TechFerrodiod memory breakthrough: 1112°F data storage revolution

Ferrodiod memory breakthrough: 1112°F data storage revolution

Ferrodiod memory.
Ferrodiod memory.
Images source: © Penn Today | Eric Sucar

9:46 AM EDT, May 23, 2024

Extreme conditions require innovative technological solutions. Scientists at the University of Pennsylvania have created ferrodiod memory, which can operate at a temperature of 1112°F, marking a breakthrough in data storage in harsh conditions.

Solution by the University of Pennsylvania

Standard semiconductor drives are designed to operate under normal conditions. When the temperature significantly rises, the electrons storing data become unstable and begin to dissipate. This leads to device failure and data loss.

To address this issue, scientists from the University of Pennsylvania developed memory based on non-volatile ferroelectric diodes, referred to as ferrodiods, which are exceptionally resistant to high temperatures. Details of this project were described in the article "A scalable ferroelectric non-volatile memory operating at 600 °C," published in the journal "Nature."

Construction and materials

The memory uses a metal-insulator-metal design with nickel and platinum electrodes. A key component is a thin layer (45 nm) of synthesized aluminum scandium nitride (AlScN). This material provides outstanding properties due to its ability to maintain an electrical state ("on" or "off," representing the ones and zeros of digital data) after the external electric field is removed, even at very high temperatures.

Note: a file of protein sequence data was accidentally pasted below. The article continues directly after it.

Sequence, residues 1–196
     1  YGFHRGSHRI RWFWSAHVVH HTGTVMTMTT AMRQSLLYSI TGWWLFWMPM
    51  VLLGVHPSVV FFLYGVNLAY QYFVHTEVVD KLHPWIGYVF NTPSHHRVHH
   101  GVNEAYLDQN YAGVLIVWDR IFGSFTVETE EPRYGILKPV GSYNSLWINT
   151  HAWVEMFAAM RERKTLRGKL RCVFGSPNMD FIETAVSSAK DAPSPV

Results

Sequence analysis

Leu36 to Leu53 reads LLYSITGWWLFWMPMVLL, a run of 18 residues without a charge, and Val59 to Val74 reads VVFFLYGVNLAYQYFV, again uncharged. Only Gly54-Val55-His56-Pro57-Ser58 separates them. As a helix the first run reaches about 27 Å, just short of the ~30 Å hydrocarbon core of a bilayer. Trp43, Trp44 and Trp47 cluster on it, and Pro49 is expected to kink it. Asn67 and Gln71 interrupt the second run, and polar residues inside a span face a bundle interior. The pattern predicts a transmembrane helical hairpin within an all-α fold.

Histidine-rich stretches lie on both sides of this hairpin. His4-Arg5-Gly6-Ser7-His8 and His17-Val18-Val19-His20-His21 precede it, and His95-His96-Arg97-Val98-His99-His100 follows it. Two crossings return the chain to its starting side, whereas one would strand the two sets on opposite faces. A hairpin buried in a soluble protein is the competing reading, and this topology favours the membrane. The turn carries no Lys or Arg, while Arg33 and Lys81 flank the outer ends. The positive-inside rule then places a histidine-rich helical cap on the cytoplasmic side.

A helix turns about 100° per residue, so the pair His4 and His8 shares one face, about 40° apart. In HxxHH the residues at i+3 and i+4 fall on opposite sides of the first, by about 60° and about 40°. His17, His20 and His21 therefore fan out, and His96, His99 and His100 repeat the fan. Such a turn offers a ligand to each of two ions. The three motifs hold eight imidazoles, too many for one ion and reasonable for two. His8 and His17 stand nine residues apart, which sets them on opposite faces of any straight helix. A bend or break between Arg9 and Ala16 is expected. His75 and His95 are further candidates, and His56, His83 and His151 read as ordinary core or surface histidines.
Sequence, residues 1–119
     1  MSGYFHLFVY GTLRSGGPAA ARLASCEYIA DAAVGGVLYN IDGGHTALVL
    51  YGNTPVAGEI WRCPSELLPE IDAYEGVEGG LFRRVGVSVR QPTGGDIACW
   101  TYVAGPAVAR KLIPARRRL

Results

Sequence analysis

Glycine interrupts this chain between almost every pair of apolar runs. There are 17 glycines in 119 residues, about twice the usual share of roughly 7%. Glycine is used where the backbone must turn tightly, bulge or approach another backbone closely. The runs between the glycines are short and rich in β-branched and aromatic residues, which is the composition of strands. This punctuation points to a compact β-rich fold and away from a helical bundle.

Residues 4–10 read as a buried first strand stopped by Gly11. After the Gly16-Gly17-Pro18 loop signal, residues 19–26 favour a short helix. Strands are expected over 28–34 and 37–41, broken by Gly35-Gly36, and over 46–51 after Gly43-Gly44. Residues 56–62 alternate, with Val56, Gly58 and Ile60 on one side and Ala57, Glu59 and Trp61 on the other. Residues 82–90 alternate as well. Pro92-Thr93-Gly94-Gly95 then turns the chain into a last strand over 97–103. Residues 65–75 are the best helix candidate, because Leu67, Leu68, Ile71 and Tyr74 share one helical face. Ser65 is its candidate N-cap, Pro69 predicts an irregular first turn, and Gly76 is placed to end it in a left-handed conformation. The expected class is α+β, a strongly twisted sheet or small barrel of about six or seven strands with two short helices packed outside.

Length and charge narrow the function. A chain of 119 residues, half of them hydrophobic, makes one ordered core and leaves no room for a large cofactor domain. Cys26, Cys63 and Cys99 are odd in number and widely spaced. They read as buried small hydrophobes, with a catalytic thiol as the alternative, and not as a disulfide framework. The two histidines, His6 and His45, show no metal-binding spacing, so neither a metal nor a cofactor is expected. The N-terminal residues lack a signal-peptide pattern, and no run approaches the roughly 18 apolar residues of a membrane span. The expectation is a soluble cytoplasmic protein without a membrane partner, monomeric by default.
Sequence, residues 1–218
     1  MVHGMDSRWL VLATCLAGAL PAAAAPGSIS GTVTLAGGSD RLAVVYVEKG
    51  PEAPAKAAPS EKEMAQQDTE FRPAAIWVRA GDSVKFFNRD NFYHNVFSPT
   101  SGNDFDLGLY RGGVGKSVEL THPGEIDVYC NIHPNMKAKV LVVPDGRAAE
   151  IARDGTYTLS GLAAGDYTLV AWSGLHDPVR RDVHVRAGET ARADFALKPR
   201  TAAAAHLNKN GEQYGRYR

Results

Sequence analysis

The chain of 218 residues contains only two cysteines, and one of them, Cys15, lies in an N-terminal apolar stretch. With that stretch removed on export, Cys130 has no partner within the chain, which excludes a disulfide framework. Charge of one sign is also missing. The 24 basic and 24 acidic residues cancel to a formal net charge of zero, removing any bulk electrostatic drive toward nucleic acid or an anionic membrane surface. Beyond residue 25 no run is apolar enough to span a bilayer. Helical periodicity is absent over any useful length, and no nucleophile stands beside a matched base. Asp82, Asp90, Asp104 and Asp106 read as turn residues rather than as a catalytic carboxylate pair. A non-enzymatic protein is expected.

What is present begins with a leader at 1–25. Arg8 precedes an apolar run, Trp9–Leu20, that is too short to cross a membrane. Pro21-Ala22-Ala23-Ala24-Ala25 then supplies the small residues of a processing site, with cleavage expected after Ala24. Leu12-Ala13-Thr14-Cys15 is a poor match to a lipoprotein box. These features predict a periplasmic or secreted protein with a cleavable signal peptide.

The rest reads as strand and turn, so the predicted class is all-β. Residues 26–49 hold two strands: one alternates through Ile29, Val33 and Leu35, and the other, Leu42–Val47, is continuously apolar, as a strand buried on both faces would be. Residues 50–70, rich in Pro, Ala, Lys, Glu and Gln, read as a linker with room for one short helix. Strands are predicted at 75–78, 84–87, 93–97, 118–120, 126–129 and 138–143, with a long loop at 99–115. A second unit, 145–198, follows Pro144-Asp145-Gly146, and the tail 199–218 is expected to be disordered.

The thickness of this layer is crucial. Dhiren Pradhan, a doctoral researcher working on the new memory, explained that increased activity leads to diffusion and material degradation if the layer is too thin. Conversely, a too thick layer prevents ferroelectric switching, as the switching voltage scales with thickness, limiting practical application. For this reason, Pradhan's and Roy Olsson's labs worked for many months to find the appropriate layer thickness.

Tests in extreme conditions

The ferrodiod memory was tested under extreme conditions—it operated for more than 60 hours at 1112°F.

The new technology can be used in devices operating in extreme temperatures. In an interview with Penn Today, Deep Jariwala from the University of Pennsylvania’s School of Engineering noted that memory devices capable of functioning at high temperatures could be applied in various fields, from deep Earth drilling to space exploration. Jariwala emphasized that the new memory enhances existing devices and opens new possibilities in science and technology.

Other application possibilities

Deep Jariwala also pointed out that ferrodiod memory could improve silicon carbide-based systems, enabling the integration of processing and data storage on a single chip. He referred to this as "memory-assisted computing," which should accelerate processes that involve processing large amounts of data under challenging conditions, supporting the development of artificial intelligence.

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